Later this year Amazon customers in Lockeford, California may start to see some packages delivered by aerial drones instead of being dropped off by a truck or van driver.

It’s the next step for Amazon Prime Air, a delivery-by-drone initiative that Amazon first unveiled in 2013, but which has only been deployed in very small scale tests up until now. But Amazon seems confident that the technology is ready for a larger pilot project… although it’s not that large a pilot program. Lockeford has a population of just over 3,500 people.

Amazon Prime Air drone MK27-2

If everything goes according to plan, Amazon customers in Lockeford will be able to opt into Prime Air deliveries, and they’ll see eligible items when shopping. Once an order is placed, Amazon will get to work processing and shipping the order… but instead of packing it on a truck and driving it to the customer’s door, the company will use a drone to fly the package to its final destination.

There’s still a chance things won’t go according to plan though. Amazon says that it’s been “working with the Federal Aviation Administration (FAA) and local officials in Lockeford to obtain permission to conduct these deliveries,” which seems to indicate that not all of those permissions are in place just yet.

But theoretically the technology could allow Amazon to deliver packages to locations that might be harder or less fuel-efficient to reach by road. In order to cut down on the risks of losing a package (or a drone), Amazon says it’s developed technology that allows its drones to detect and avoid obstacles (including “other aircraft, people, pets”) even when there’s not a person nearby to guide the drone.

Amazon says its latest drone design (MK27-2) has a hexagonal design, six propellers that have been designed to produce less high-frequency noise, and six degrees of freedom for improved stability during flight.

Amazon hasn’t provided information about how much weight its latest drones can carry or how far they can travel, but at this point it’s probably safe to say that only a small subset of the items the company sells will be eligible for drone delivery. Amazon says “thousands of everyday items” will be available though.

There’s no word on if or when Prime Air will roll out to other communities, but it will likely depend on how things go in Lockeford.

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  1. I see you have a talk like in board directors of some big company. Steal what and how😎😎😎 Keep up and soon will be promoted to CEO’s position:-)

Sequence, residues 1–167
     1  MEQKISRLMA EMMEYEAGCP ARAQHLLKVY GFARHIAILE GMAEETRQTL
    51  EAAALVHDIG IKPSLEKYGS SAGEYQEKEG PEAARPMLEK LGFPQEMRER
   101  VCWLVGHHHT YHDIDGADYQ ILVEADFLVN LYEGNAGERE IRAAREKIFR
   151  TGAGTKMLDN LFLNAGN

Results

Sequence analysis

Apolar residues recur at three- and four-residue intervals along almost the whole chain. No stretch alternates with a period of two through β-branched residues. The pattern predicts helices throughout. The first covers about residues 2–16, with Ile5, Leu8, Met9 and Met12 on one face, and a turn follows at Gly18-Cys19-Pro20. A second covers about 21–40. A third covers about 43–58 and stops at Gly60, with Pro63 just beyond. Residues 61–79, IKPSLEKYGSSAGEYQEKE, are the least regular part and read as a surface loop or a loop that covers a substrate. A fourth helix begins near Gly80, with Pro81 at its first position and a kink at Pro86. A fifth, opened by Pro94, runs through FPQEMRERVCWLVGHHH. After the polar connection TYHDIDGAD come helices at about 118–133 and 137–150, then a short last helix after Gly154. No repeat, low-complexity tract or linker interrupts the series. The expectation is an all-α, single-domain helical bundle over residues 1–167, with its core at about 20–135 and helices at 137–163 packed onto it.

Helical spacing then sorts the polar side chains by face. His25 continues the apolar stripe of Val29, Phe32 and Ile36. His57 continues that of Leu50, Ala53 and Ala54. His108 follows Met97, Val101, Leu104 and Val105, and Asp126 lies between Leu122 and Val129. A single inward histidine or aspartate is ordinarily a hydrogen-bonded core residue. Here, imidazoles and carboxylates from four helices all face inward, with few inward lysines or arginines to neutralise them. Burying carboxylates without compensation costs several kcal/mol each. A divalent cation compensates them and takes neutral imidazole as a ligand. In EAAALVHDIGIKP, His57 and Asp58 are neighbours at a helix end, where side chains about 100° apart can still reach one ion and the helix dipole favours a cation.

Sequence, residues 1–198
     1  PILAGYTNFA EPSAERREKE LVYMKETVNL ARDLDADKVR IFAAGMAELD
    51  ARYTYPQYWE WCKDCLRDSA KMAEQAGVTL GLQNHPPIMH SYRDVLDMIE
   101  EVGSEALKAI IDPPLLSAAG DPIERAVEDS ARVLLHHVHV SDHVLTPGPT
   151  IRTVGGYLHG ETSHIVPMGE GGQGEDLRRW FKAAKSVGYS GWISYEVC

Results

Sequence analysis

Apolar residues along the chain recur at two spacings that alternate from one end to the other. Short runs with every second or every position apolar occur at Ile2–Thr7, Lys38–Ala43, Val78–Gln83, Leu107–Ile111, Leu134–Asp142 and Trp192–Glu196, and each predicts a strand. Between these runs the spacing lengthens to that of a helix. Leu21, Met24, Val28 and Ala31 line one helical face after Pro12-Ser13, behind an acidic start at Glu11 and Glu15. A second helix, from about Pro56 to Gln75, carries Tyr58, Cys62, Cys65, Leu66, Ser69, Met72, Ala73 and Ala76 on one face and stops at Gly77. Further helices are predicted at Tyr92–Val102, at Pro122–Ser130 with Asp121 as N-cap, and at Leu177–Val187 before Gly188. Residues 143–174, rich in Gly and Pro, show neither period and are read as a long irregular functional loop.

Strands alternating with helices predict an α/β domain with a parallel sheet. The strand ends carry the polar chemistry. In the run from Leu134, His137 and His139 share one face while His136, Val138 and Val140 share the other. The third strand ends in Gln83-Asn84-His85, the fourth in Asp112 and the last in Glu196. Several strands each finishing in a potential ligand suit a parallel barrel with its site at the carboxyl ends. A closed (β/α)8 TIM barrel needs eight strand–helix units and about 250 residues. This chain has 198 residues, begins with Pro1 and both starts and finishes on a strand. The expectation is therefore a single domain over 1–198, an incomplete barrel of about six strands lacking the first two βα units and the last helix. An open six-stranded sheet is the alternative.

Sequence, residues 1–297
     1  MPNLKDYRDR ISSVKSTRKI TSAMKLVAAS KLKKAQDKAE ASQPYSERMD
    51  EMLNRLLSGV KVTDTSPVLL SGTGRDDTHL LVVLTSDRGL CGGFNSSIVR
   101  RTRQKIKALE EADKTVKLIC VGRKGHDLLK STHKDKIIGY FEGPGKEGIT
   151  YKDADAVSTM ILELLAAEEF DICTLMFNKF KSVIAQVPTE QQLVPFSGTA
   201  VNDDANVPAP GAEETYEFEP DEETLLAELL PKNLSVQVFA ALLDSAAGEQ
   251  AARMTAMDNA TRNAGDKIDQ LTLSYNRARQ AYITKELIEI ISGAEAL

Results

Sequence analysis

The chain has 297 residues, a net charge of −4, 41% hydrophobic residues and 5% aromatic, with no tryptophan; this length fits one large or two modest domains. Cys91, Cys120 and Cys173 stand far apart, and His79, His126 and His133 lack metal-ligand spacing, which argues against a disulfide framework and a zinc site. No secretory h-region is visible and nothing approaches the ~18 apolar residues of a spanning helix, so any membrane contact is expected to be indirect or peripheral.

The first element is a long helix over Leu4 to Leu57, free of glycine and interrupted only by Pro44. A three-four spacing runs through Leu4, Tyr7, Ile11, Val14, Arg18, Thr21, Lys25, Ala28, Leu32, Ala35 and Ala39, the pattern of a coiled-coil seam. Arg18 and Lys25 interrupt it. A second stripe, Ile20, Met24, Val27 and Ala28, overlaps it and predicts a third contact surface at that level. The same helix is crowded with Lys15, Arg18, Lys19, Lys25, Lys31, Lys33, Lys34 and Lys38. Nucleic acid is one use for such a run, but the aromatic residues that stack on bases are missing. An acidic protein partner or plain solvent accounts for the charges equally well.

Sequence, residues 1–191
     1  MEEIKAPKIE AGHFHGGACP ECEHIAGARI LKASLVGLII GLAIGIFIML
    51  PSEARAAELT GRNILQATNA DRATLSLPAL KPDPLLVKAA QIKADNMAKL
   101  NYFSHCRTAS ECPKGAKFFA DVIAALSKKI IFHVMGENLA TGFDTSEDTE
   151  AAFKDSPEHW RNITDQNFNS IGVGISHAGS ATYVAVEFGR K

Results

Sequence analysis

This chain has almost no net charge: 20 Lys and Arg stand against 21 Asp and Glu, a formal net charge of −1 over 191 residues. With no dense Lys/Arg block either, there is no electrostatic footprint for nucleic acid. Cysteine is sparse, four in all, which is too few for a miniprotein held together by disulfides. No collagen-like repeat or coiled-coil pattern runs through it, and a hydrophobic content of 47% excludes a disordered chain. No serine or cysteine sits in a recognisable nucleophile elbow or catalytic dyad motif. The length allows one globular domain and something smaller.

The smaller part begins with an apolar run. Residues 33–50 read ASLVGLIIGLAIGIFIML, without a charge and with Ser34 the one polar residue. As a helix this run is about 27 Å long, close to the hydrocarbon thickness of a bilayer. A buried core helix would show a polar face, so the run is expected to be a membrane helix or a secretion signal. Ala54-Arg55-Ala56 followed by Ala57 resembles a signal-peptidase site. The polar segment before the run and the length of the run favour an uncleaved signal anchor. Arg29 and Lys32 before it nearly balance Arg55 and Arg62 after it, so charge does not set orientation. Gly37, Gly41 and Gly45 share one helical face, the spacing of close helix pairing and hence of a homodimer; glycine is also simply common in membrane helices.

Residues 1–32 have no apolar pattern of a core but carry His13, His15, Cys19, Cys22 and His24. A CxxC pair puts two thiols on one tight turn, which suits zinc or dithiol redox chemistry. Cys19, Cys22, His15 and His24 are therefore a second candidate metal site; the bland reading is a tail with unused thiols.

1. More like you just grab the package off the porch/end of driveway once the drone leaves it. Unless they start delivering packages on balconies, or people get to schedule the delivery so it only happens when you’re home.
      I don’t think net guns would work very reliably against shrouded rotor drones, and the net cartridge could likely cost more than whatever you’re trying to steal. An EMP device would probably be your best bet of actually knocking one down, but considering that military solutions (meant to disable large swarms at relatively high altitude) are about the size of a cargo container you’d likely need something mounted on and powered by a car, which is of course way too obvious (and expensive). Besides, if you knock a drone out of the air, it falls on its package and you risk damaging your quarry.

      1. Delivery to a balcony seems like the perfect application of this technology. It needs a niche, otherwise it’s just impractical.

        1. Not everyone has a balcony though.
          I think absurdly-on-demand delivery is more likely. The drones are just going to go directly from the warehouse to the drop off point, and that could be your phone’s current position as long as you’re outside.

          1. Right. Just those with drone-accessible balconies would fit that niche. Like my balcony right now has hanging sunshades at the edge so there’s no way a drone could even land there.

            I like the idea of delivery to your phone’s current location, maybe with an additional 2-factor authorization code upon receipt or something.

        2. Maybe you’d like your tp to wipe your ass too? Go get your own stuff you lazy slug

      2. I feel like there’s something more morally redeeming about stealing it while it is still technically in Amazon’s possession. Because it will count as undelivered, and ultimately avoid any loss to the recipient.

        I wonder what one of these drones is worth. Maybe drone theft is a better angle?